To get a sense of who is truly in control of Sleep Country Canada Holdings Inc. (TSE:ZZZ), it is important to understand the ownership structure of the business. With 74% stake, institutions possess the maximum shares in the company. In other words, the group stands to gain the most (or lose the most) from their investment into the company.
Because institutional owners have a huge pool of resources and liquidity, their investing decisions tend to carry a great deal of weight, especially with individual investors. Therefore, a good portion of institutional money invested in the company is usually a huge vote of confidence on its future.
Let's delve deeper into each type of owner of Sleep Country Canada Holdings, beginning with the chart below.
What Does The Institutional Ownership Tell Us About Sleep Country Canada Holdings?
Institutional investors commonly compare their own returns to the returns of a commonly followed index. So they generally do consider buying larger companies that are included in the relevant benchmark index.
As you can see, institutional investors have a fair amount of stake in Sleep Country Canada Holdings. This implies the analysts working for those institutions have looked at the stock and they like it. But just like anyone else, they could be wrong. If multiple institutions change their view on a stock at the same time, you could see the share price drop fast. It's therefore worth looking at Sleep Country Canada Holdings' earnings history below. Of course, the future is what really matters.
Since institutional investors own more than half the issued stock, the board will likely have to pay attention to their preferences. We note that hedge funds don't have a meaningful investment in Sleep Country Canada Holdings. Mawer Investment Management Ltd. is currently the largest shareholder, with 11% of shares outstanding. The second and third largest shareholders are Mackenzie Financial Corporation and Burgundy Asset Management Ltd., with an equal amount of shares to their name at 9.9%. Furthermore, CEO Stewart Schaefer is the owner of 0.6% of the company's shares.
We also observed that the top 7 shareholders account for more than half of the share register, with a few smaller shareholders to balance the interests of the larger ones to a certain extent.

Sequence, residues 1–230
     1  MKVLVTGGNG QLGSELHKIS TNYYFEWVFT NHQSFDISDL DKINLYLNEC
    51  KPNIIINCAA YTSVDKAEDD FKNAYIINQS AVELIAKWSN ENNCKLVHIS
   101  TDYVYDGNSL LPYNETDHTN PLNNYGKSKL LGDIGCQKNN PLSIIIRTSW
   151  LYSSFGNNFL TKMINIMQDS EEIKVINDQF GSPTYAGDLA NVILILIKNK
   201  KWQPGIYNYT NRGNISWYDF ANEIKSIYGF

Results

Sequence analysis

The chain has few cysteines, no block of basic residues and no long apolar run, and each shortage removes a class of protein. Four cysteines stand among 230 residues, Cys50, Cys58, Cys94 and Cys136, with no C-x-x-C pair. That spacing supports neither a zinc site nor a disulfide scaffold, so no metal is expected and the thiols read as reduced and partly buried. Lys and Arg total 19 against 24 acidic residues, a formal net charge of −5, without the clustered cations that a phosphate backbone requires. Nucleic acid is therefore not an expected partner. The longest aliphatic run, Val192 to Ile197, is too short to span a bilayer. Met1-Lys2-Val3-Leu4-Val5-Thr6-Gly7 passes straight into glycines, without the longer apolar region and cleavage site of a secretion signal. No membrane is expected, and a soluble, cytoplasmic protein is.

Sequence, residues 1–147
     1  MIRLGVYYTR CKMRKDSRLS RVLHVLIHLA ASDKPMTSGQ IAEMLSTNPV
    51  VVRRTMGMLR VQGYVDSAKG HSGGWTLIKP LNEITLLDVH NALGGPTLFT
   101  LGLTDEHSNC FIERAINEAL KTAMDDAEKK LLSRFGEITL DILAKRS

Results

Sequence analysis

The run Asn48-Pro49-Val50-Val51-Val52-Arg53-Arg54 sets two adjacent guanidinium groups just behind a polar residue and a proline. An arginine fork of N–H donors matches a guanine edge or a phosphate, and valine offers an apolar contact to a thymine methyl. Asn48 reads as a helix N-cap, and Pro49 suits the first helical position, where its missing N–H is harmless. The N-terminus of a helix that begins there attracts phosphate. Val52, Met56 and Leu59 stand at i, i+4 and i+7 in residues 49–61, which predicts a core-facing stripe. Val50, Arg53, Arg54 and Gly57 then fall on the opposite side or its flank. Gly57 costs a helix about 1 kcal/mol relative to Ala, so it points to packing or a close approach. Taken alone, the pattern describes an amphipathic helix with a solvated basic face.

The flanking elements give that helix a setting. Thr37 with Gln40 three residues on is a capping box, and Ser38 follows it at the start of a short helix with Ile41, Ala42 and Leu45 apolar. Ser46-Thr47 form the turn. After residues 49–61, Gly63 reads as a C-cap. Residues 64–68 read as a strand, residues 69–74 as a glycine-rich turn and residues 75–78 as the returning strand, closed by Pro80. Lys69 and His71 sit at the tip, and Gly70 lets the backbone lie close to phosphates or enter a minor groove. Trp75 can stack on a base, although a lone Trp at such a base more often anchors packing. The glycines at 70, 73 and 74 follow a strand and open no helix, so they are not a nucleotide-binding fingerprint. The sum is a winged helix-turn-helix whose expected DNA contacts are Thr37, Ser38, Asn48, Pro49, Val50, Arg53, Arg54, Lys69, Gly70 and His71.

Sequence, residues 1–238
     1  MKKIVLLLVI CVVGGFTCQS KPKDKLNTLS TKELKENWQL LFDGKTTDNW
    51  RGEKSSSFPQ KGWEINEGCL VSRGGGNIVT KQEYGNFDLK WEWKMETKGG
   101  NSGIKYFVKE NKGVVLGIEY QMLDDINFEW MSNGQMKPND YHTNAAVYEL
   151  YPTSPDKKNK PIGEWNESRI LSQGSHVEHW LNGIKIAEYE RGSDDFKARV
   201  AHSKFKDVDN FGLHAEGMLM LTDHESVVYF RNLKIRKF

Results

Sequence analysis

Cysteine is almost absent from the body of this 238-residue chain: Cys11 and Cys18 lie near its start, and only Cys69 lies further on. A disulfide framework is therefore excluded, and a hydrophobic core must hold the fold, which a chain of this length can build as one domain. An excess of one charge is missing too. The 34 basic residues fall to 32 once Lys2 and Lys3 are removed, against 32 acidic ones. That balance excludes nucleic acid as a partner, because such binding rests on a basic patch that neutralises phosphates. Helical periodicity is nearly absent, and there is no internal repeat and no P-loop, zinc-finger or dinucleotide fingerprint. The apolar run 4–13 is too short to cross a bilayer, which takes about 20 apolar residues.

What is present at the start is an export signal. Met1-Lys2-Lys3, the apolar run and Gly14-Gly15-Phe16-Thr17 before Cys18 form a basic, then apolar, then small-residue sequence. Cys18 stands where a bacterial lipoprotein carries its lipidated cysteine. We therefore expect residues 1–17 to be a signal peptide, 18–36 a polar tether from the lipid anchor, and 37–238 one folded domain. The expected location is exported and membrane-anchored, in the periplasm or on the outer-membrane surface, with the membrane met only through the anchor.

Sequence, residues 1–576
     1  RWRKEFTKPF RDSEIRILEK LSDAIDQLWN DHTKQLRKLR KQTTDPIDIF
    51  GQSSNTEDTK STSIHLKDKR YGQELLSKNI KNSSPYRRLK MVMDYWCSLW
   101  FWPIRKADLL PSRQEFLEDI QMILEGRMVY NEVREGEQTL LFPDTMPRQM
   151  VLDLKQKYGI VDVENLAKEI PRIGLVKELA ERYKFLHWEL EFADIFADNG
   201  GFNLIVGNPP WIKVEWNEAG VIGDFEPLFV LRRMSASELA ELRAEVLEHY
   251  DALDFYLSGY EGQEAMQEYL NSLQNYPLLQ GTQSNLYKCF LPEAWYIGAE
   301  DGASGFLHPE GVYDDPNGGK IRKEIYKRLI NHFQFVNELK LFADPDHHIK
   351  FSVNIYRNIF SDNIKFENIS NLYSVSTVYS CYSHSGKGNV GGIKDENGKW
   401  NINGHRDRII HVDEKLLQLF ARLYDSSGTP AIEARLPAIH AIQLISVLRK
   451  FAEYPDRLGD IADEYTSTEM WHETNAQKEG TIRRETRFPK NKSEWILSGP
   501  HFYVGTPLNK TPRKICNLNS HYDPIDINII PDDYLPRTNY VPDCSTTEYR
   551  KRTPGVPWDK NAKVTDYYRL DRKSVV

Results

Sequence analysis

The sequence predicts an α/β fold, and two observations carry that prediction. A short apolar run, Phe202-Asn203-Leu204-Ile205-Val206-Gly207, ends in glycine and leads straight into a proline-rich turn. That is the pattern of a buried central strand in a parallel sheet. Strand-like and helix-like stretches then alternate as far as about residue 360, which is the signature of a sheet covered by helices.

Researching institutional ownership is a good way to gauge and filter a stock's expected performance. The same can be achieved by studying analyst sentiments. There are a reasonable number of analysts covering the stock, so it might be useful to find out their aggregate view on the future.
Insider Ownership Of Sleep Country Canada Holdings
While the precise definition of an insider can be subjective, almost everyone considers board members to be insiders. Company management run the business, but the CEO will answer to the board, even if he or she is a member of it.
Most consider insider ownership a positive because it can indicate the board is well aligned with other shareholders. However, on some occasions too much power is concentrated within this group.
Shareholders would probably be interested to learn that insiders own shares in Sleep Country Canada Holdings Inc.. As individuals, the insiders collectively own CA$13m worth of the CA$785m company. This shows at least some alignment. You can click here to see if those insiders have been buying or selling.
General Public Ownership
The general public-- including retail investors -- own 25% stake in the company, and hence can't easily be ignored. While this group can't necessarily call the shots, it can certainly have a real influence on how the company is run.
While it is well worth considering the different groups that own a company, there are other factors that are even more important. For instance, we've identified 1 warning sign for Sleep Country Canada Holdings that you should be aware of.
Ultimately the future is most important. You can access this free report on analyst forecasts for the company.
NB: Figures in this article are calculated using data from the last twelve months, which refer to the 12-month period ending on the last date of the month the financial statement is dated. This may not be consistent with full year annual report figures.
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This article by Simply Wall St is general in nature. We provide commentary based on historical data and analyst forecasts only using an unbiased methodology and our articles are not intended to be financial advice. It does not constitute a recommendation to buy or sell any stock, and does not take account of your objectives, or your financial situation. We aim to bring you long-term focused analysis driven by fundamental data. Note that our analysis may not factor in the latest price-sensitive company announcements or qualitative material. Simply Wall St has no position in any stocks mentioned.
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